Parramatta goes Indian

Well, I’ve been saying for years that the Pendle Hill / Parramatta area is fast becoming the Hindu epicentre of Australia, but if there were any lingering doubts to what I’ve been saying they should have been squashed over the last two weeks.

Firstly, it has been announced that next November a new festival dubbed “Parramasala” is to be held in Parramatta to coincide with Dwali, the Indian Festival of Lights. David Borger, our local MP has said:

“Parramatta is the centre of Sydney’s cultural diversity, including the biggest population of Indian and South Asian communities in Australia, and is the perfect location for this colourful Bollywood style festival.”

For more see the Parramasala video and Parramatta to be transformed by Indian festival, Parramasala.

Secondly, last night Indian superstar A.R. Rahman staged a free outdoor spectacular in Parramatta Park where crowds of up to 80,000 people were expected.

“A.R. Rahman is one of the highest selling composers in the world and won two Academy Awards for composing music for the hit film Slumdog Millionaire. He specifically chose Parramatta as the venue for his only Australian appearance as a way of building community relations and fostering goodwill.”

The obvious question I’m struggling with though is, are we, the local Christian communities, up to the task of taking a lead in Hindu-Christian relations in Australia?

8 thoughts on “Parramatta goes Indian

  1. @ matt,
    as a hindu, i always find it nice to see our religious festivals being celebrated all around the world.
    now, coming to your “question” … i would give the example in some of the Indian towns, where there the majority are chriatians … but “religion” as such is seen in a “personal domain” of the concerned person.
    surely, we too have hindu religious thugs here in india, who have demostrated what they can do, if they mess with hindu religion.
    but, “generally speaking” … in india, though its a “religious country” … religion is the domain of a person’s personal beliefs.
    so, i think the question of “taking a lead” or “competing” … within different communities does not arise.
    i would just want to go to a church … to listen to the beautiful christmas carrols that are sung in symphony.
    cheers !


  2. Ah, but you see Vemsi, simply by us talking to one another, that’s precisely what I mean by engaging in Hindu-Christian relations. In this case, we’re being civil. In other cases, such as the incidents you mention above, things have been less so. My question is, or at least part of my question is, how will things proceed in Australia? Parramatta is an experiment, in that Hindus are actually beginning to outnumber protestant Christians in some local schools. That’s fairly unprecidented in Australia. So, we’re a bit of a canary down the coal mine so to speak. Irrespective of how private or otherwise Christians and Hindus view their paths (and I would argue Hindutva is far from apolitical but that’s another conversation), we’ll be neighbours. So my question is, will we be good neighbours or not so good neighbours? Will we seek to understand each other or not?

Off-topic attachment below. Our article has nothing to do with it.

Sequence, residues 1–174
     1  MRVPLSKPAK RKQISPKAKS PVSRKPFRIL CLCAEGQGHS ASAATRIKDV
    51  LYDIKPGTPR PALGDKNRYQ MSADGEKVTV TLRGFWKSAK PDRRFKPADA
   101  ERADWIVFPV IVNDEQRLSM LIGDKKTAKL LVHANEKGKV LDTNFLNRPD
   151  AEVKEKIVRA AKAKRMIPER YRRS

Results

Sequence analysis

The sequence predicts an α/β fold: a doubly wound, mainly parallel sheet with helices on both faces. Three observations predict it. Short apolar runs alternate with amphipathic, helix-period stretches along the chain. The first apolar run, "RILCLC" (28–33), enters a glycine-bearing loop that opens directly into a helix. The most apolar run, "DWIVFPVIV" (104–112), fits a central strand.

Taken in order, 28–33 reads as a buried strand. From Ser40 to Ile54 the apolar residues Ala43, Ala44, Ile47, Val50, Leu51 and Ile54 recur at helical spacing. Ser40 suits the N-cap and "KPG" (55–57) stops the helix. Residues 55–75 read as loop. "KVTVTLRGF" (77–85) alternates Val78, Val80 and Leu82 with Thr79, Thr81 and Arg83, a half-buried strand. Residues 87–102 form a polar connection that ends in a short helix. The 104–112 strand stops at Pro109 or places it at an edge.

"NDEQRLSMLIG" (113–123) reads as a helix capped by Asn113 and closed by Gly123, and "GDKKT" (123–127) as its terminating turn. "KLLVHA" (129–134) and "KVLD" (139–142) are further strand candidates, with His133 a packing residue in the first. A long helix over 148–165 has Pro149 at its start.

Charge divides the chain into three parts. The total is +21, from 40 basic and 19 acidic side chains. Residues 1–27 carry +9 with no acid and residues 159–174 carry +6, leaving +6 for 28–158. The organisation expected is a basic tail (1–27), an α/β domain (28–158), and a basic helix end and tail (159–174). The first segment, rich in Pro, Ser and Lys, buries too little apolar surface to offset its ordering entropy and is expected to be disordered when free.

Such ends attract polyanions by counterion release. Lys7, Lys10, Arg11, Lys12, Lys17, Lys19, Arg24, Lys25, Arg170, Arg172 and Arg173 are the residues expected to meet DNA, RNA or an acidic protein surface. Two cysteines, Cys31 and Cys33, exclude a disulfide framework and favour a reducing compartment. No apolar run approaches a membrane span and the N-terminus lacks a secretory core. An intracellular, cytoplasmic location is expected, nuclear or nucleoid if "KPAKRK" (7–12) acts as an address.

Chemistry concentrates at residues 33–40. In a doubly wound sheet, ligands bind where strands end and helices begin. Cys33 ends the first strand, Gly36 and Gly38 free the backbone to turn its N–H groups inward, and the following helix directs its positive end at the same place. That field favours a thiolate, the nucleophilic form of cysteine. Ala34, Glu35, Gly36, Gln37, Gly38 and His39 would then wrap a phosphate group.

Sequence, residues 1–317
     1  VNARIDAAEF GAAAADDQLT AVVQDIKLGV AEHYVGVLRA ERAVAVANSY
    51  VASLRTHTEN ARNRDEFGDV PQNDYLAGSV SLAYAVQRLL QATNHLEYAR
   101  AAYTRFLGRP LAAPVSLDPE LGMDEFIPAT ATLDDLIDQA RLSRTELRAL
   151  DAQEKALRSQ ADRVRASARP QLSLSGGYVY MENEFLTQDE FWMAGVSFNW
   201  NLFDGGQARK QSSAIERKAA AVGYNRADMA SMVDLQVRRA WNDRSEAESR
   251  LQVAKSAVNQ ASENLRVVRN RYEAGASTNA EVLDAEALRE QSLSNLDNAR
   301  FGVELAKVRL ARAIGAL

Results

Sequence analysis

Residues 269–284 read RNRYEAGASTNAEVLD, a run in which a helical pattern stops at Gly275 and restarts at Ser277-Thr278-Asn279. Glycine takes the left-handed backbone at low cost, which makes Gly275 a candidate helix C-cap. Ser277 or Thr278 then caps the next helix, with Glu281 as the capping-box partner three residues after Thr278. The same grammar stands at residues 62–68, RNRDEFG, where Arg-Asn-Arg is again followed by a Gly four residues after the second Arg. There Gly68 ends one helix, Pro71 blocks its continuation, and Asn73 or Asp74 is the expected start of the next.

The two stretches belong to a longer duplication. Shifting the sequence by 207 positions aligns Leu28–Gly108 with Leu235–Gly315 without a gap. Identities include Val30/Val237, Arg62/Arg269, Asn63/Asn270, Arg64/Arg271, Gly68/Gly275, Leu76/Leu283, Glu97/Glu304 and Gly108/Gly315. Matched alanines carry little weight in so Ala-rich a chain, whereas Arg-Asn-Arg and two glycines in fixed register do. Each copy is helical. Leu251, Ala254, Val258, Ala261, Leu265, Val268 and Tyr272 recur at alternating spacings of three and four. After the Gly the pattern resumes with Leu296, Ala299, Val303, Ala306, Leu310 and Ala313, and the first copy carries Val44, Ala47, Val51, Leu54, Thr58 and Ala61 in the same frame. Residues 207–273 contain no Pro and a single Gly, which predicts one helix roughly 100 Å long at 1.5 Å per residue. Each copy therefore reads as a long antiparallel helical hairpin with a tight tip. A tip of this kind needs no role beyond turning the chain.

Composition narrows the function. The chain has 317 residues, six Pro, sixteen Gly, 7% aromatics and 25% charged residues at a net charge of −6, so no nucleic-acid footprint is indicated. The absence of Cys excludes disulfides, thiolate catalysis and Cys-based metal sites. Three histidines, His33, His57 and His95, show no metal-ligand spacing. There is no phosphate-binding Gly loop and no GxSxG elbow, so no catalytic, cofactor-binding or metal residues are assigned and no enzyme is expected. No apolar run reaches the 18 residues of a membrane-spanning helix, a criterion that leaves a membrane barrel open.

I’d like to think local churches could set a good example for the wider church. That’s what I intend to work towards anyway.


  3. @ matt,
    the events that are mentioned in my comment, may look like some hardcore hindutva voilence (i guess, that is what you mean) … but, one has to look at the angle of “forced conversions” of indian tribals into christianity, to understand the point in contention.
    surely, voilence anywhere in the world does not look good.
    i guess, the state of australia has some immigration policy, and has been inviting indian students for its universities. i hope, they do the background check for all the people who come there as immigrants. its a state decision of australia.
    i dont think, hindus would want to “convert” others into hinduism …
    i guess its your feeling, that a majority hindu population in parramatta may “sideline” the minority christians … but i dont think hindus would want to “dominate” others … i think its in the general nature of hindus to be gentle and kind towards others.
    surely, by seeing the extravaganze celebrations of hindu festivals, you may feel that hindus are dominating … but its just a myth.
    yes, neigbhours should talk … and have good relations with eachother.
    cheers !


  4. Vemsi, I’m puzzled as to why you’re using quotation marks for “dominate” and “sideline” and “convert” given I never used the words myself. And for your guesses on my feelings, they’re way off base. Projecting? I’d invite you to look closer.


  5. Matt .. In view of the large scale slaughter of Hindu and Indian students in Oz land by hatemongering bigots .. the Hindutva brigade in India is very mild in comparison.
    If you can control the bigots in Aussie society, all will be fine.


  6. Canadavsterror,
    What is this “large scale slaughter of Hindu and Indian students in Oz” that you speak of. There have been a handful of racist killings in Australia, which I agree is atrocious, but there is no need to grossly exaggerate to make your point. Exaggerations only undermine it. Furthermore, all will NOT be fine if only Australians address the hate in their ranks. Hate needs to be addressed werever it is found and that includes the hate mongering of Hindutva.


  7. I think it’s a bit too late to make an impact now. Hinduism is about to be the majority in some suburbs and will be the largest of all the religions in Parramatta City in 2016.
    As long as you don’t try and convert of influence them, they’ll cooperate just fine.


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